In Redhook N.Y. (upstate not Brooklyn) artist Laura Battle puts together puzzles, drawings, astronomy, symbols, signs, and transcendental visual universes. She is a Bard Art professor and I have a feeling that she is formerly from esoteric galaxies far beyond our traditional scenery. A navigator blown off course trying to generate the perfect map to return to the inspirational star which guides her.
What better place to present her current exhibition The Power of The Center than out in a field in a big time-worn barn at the Meadowbrook farm where on opening night about two hundred people gathered to enjoy the celestial universe; first from the open starry sky above and then stepping into the rugged barn walls of Meadowbrook, to explore a beautiful science fictional exhibition of Battles extensive works over the past six years. Large scale cosmic grid oil paintings as well as smaller worlds of riddles, letter play and bugs adorn the walls where horses and hay once rested.
As Battle explains, she has “no political relationship to her work, nor is it autobiographical;” the information is broad but the intention is direct and obsessive. Her engagement is with the “power of color, shape, and symbols.” All of which she successfully relays in her fascinating map-scapes.
According to Battle, “The largest painting, 16 feet, is called "How Long is your Past, How far is your Future." It pays homage to Vera Rubin, one of the first great female astronomers, who worked on the galaxy rotation problem which led to the understanding of dark matter. I did that painting for an exhibition at the Vassar Museum an exhibition on Art and Astronomy, curated by Mary-Kay Lombino. That painting took ideas from "Field Notes", which was based on work done at the South Pole, in part by my husband Chris Kendall, who spent three winters there working on radio telescopes as part of the National Science Foundation through the University of Chicago. I conceived of longitudinal and latitudinal lines as a warped grid (in Field Notes) which create the concave disk of the radio telescope, and imagined the emanations/information being collected from it. The large painting was an attempt to paint the universe, and to blow open that somewhat flat image to a spatial/atmospheric one.”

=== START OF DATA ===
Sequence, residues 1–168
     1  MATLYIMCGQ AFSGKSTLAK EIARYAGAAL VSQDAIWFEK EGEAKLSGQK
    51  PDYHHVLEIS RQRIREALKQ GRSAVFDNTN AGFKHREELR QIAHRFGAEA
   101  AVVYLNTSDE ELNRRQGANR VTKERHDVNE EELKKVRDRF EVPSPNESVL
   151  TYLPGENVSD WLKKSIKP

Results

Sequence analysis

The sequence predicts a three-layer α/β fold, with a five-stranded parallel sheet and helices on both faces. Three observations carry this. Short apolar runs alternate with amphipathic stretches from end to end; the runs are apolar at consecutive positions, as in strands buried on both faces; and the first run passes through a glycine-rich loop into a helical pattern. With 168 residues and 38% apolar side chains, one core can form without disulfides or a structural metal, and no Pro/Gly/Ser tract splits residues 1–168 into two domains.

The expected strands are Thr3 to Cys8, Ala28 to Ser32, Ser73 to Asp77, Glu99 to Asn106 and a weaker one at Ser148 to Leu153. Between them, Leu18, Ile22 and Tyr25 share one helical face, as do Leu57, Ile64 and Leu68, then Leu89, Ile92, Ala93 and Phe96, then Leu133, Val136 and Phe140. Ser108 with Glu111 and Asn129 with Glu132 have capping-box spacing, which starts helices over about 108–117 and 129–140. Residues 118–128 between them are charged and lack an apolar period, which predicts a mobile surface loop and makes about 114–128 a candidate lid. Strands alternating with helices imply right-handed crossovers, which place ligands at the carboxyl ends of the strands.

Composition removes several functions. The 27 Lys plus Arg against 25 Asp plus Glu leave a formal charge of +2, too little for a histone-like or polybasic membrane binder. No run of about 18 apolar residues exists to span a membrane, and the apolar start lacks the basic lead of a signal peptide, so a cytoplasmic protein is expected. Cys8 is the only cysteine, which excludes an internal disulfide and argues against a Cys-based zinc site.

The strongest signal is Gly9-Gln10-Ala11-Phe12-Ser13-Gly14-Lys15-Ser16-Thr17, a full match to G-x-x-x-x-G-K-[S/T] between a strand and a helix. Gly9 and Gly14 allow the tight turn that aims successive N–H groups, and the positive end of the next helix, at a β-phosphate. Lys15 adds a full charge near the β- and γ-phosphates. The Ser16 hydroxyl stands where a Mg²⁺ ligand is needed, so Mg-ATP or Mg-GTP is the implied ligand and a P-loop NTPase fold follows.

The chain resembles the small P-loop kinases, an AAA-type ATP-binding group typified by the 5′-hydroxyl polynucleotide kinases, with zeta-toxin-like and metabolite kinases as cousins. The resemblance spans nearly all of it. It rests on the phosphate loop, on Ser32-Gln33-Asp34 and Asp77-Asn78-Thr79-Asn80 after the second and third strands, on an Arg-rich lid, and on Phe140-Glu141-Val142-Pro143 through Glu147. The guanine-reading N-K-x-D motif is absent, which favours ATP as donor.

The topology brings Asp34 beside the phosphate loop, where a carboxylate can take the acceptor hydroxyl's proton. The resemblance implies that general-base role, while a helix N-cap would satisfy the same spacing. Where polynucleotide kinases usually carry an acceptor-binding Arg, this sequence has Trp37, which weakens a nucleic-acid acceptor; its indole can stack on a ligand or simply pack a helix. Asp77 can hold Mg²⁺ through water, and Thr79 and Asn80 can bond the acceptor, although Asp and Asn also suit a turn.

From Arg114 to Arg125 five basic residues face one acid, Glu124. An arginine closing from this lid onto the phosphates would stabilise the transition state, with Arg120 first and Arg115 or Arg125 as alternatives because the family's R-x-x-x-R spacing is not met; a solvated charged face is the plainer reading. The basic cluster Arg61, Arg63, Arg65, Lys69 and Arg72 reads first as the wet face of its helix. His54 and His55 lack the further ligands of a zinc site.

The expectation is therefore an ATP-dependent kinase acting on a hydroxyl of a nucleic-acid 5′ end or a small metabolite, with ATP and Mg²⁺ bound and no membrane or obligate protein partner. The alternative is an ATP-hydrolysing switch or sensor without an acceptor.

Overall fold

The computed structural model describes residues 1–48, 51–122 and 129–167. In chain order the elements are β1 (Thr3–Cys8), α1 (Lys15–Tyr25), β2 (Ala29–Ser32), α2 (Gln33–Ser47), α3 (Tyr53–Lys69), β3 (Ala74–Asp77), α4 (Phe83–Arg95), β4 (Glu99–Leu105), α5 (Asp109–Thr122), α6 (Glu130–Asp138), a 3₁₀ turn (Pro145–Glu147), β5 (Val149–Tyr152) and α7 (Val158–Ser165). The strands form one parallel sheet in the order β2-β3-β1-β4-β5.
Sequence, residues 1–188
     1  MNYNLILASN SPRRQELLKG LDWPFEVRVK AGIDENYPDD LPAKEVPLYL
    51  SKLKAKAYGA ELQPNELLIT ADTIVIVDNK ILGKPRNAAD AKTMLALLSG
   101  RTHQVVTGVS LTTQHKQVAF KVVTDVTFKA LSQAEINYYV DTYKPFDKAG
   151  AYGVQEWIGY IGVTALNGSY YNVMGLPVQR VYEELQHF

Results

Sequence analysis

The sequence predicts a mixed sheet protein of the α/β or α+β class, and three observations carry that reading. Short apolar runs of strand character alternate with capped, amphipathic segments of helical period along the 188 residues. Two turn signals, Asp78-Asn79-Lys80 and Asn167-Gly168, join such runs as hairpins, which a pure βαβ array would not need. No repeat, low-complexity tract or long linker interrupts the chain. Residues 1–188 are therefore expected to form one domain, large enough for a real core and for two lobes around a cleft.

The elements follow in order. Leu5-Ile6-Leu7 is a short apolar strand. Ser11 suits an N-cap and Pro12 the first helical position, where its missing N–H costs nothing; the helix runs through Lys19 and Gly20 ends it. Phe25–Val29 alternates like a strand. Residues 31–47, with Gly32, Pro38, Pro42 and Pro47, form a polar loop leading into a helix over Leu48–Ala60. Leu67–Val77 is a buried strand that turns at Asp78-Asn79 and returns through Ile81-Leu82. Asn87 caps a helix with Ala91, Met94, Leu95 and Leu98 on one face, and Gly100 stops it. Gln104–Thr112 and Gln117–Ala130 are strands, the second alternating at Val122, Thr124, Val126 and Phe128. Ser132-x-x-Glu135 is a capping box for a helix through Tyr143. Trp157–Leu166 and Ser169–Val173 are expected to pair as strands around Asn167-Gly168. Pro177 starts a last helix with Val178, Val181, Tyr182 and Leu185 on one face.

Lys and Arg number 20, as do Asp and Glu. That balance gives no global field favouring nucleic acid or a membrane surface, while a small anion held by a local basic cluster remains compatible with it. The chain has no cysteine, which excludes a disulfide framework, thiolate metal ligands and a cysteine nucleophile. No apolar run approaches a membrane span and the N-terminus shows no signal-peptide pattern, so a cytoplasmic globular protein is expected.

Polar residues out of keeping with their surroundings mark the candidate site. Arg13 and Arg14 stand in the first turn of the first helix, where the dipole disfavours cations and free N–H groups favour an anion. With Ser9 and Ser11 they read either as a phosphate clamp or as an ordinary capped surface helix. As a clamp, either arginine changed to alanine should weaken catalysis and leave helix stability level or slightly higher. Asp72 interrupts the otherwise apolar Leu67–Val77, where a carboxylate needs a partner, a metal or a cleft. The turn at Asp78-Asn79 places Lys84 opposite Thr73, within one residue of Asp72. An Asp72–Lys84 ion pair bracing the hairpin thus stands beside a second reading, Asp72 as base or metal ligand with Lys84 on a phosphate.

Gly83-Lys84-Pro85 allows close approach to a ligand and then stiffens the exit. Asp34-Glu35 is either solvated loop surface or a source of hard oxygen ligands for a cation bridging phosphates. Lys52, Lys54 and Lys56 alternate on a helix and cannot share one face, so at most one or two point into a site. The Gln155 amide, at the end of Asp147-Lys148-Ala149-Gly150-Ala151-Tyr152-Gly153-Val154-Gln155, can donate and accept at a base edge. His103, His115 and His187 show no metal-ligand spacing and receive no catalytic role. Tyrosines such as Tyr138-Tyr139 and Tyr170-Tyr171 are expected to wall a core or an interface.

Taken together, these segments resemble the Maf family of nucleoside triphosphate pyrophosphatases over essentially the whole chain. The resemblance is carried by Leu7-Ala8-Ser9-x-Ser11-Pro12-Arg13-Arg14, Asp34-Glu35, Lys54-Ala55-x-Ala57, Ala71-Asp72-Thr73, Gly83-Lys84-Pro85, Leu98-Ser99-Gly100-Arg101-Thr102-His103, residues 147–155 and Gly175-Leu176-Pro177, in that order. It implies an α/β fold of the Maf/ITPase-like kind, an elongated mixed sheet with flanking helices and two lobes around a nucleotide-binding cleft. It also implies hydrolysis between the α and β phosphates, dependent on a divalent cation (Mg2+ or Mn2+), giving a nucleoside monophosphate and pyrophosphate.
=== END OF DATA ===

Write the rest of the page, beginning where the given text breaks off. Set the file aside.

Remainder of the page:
Battle speaks in an ancient language channeling her drawings from an anonymous and perfect center radiating out and in and over terrain she will expunge and redirect again leaving the circumference of these fascinating patterns in unexpected spaces.
She grew up with a mother who was a secretary to an art collector and therein began her journey…Modern Abstractionists, Jasper Johns, Robert Rausenberg, Sam Gilem, and Gene Davis were some of her many inspirations. Then when her family relocated to Egypt for her father’s job, an undeniable odyssey created artistic kismet for Battle when she went exploring the Pyramids, Luxor and the Tombs. Those wonders brought her to a very distant world of the esoteric and symbolic an inescapable feeling of an alternative and mystical cosmos. There is so much more to all this and the expansive congregation of all this typographical abstraction is striking to say the least. Her sense of color is mellow and contemplative, while utterly vibrant. These optic maps of an imagined universe remind us of the connections to all things from past to future, to timelessness. Her intrepid paintings are rich in their colored divination, while her drawings are elegant and beautiful, seemingly ethereal and inspired by something utterly magical beyond here; from some part of Battle’s psyche an essence which is all singularly her own. This is a wonderful show and well worth a trip to Redhook, New York to view. These optic maps are impressive in their infinite abstraction.